Episode 30: Cooking up a storm
Cooking up a Storm
Who am I?
My name is Yia Vang. I’m a trained chef who worked in some of the Twin Cities’ best kitchens—Nighthawks, Borough, and Spoon & Stable—before starting Union Hmong Kitchen. I’m also the son of Hmong refugees. I was born in Ban Vinai, a Thai refugee camp, and moved to Wisconsin when I was 4 years old. These days, you can find me at my food trailer at Sociable Cider Werks and hosting TPT’s Relish series.
Why are we asking for your help?
Despite having the world’s largest concentration of Hmong people outside of Asia, the Hmong voice is missing from the Twin Cities food conversation. You can’t tell the story of Minnesota food without telling the story of Hmong cooking, yet many serious Minnesota foodies have never had the opportunity to try our vibrant and diverse cuisine. We are here to change that.
Our goal is to also build a space to boost the local Hmong food community. We will support local Hmong farmers through our sourcing and create a place where young Hmong food professionals can get their start.
Why a restaurant? Why now?
For the last four years, I’ve been cooking dishes my parents passed down to me through Union Hmong Kitchen, holding residencies and pop-ups across the Midwest. I’ve cooked in other people’s kitchens, in our trailer, in the heat, rain, and freezing cold. But now, I want to continue to tell my parents’ story with a restaurant experience that truly reflects what they taught me about creating community and sharing hospitality. Named after the Thai refugee camp where my parents met (and I was born), Vinai will be a place where friends and family come together to share dishes inspired by my family and experiences.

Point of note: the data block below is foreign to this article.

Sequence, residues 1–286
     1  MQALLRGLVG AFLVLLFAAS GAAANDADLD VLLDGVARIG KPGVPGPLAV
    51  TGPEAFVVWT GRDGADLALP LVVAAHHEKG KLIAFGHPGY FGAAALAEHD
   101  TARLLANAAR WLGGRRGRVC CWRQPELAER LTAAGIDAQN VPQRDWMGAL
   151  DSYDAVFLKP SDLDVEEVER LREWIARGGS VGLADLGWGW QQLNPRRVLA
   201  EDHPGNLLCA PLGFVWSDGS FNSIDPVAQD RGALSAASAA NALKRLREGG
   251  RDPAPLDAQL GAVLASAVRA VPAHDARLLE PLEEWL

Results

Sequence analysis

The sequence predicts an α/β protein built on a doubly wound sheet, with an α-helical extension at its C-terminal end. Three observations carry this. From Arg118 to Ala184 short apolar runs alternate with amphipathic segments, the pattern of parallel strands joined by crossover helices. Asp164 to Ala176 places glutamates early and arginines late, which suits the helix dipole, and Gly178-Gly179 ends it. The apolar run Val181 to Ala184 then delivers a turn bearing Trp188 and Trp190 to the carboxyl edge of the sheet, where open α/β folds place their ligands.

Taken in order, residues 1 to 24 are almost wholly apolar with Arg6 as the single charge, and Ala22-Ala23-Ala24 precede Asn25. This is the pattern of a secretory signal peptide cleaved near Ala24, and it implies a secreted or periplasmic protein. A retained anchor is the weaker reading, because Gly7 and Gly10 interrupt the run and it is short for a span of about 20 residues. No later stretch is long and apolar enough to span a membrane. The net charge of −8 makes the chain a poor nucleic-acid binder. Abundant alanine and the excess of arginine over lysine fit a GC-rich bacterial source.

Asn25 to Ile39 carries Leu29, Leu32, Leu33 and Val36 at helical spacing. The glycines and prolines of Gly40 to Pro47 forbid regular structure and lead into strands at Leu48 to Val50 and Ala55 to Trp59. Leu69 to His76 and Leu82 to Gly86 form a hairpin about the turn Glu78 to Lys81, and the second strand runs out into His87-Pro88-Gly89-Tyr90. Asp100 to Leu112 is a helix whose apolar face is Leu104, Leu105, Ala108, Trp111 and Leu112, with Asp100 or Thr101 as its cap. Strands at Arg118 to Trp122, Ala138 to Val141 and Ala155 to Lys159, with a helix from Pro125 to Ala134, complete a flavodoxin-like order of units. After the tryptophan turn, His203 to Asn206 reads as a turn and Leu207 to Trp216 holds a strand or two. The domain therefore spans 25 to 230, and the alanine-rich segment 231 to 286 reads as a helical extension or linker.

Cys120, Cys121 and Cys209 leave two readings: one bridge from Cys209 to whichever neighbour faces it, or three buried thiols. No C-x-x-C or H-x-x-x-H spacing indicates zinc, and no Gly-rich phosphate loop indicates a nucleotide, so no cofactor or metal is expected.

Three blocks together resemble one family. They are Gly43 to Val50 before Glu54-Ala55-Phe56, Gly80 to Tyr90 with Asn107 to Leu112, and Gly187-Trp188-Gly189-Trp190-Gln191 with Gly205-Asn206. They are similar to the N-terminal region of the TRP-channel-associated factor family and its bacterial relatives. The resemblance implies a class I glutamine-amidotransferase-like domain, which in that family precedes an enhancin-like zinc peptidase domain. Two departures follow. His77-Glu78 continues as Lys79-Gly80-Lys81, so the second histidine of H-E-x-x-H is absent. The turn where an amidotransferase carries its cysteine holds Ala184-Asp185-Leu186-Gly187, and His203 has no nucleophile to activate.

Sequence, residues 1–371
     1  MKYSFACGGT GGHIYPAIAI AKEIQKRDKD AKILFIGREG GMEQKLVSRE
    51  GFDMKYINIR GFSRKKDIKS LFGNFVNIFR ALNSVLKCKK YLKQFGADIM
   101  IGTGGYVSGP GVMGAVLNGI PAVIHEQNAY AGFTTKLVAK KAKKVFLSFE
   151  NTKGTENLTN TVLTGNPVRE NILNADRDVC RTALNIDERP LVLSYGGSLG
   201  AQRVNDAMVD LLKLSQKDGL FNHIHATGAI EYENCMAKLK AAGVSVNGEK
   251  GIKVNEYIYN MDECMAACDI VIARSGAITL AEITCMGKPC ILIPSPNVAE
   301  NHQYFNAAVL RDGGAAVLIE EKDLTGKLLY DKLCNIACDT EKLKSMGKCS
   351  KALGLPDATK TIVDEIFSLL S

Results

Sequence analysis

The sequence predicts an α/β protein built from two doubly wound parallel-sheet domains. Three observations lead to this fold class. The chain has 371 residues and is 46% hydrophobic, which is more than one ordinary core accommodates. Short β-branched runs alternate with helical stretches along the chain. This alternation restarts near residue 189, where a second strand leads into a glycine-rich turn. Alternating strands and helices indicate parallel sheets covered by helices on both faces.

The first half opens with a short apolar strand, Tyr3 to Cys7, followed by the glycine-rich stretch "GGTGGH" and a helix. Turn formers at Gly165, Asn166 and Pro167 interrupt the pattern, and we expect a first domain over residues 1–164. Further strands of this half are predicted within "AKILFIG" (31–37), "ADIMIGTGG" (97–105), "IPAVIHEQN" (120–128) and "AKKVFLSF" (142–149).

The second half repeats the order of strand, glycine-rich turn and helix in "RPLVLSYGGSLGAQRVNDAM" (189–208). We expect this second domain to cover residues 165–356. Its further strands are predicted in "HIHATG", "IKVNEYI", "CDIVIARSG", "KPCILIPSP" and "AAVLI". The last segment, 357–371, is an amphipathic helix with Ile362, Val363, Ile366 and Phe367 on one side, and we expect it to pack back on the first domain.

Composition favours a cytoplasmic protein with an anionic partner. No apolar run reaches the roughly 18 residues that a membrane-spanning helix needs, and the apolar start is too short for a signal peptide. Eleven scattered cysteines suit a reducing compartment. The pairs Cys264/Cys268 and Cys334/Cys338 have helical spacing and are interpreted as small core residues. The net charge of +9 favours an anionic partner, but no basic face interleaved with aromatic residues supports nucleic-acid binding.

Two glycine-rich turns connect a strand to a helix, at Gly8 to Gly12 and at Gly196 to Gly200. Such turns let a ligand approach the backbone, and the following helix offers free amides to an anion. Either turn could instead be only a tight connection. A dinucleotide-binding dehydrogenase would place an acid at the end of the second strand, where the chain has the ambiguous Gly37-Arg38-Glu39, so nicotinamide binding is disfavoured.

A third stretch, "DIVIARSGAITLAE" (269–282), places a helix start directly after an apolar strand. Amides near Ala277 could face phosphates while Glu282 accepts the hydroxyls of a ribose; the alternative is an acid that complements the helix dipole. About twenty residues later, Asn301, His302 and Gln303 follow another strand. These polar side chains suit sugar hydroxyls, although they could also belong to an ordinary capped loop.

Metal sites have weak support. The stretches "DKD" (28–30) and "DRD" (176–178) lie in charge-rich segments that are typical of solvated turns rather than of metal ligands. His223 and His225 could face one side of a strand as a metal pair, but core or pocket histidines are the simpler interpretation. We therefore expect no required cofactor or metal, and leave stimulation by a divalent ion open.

What is the Vinai restaurant concept?
Vinai will be a warm and welcoming restaurant located in the Twin Cities—location to be announced soon! It’s a tribute to my parents in many ways. The space will be fresh, bright and full of greenery, just like my mother decorated our house. At the heart of the kitchen will be a wood-fired grill, where we’ll prepare all our meats the way my father taught me. Our menu will feature large, shared main courses like grilled whole-fish snapper, tri-tip steak, and my Hilltribe grilled chicken served with braised mustard greens and seasoned with my mom’s hot sauce. We’ll also have small plates and vegetable side dishes made with local ingredients, and my family’s favorite dishes like Khao Poon and my mom’s steamed buns.
This is the Hmong food that I grew up with, that I have made my own, and that I’m so excited to share with you.
Who are the Hmong People?
Hmong people are nomadic with no country of our own, but are held together by our traditions, culture, art, and cuisine. In the 1970s, many Hmong people left Asia for the United States after the Vietnam War, which is what brought me and my family to Minnesota. We now live among the largest Hmong population in the United States and, as a chef, it’s a gift to be able to celebrate our history and traditions through food.
Celebrating my parents’ legacy through food
“Hmong food tells the history of our people, and the food I make tells the history of my parents.”
My passion and craft in cooking comes from my parents—the Hmong name they gave me, Yia, even translates to “Iron Skillet.” My father, Nhia, taught me how to grill over a pit fire in our backyard. I still remember the rush I felt the first time he handed me the tongs. I want to honor my mother, Pang, with the welcoming hospitality and service offered at Vinai, and by crafting signature dishes based on what she has taught me.
What is Hmong food?
Although it draws on various Southeast Asian flavors, ingredients, and techniques, there is no singular Hmong cuisine. Hmong food is more than just a style of cooking. For me, it is a philosophy—it’s about the value of spending time together and taking care of each other. That’s why community is at the center of my vision for a restaurant.
Hmong food is also about the perfect balance of flavors—creating the “best bite.” The four elements of a Hmong meal—protein, vegetable side, rice or noodles and hot sauce—can create a limitless number of flavor experiences. We can’t wait to innovate on this cuisine and share it with you.
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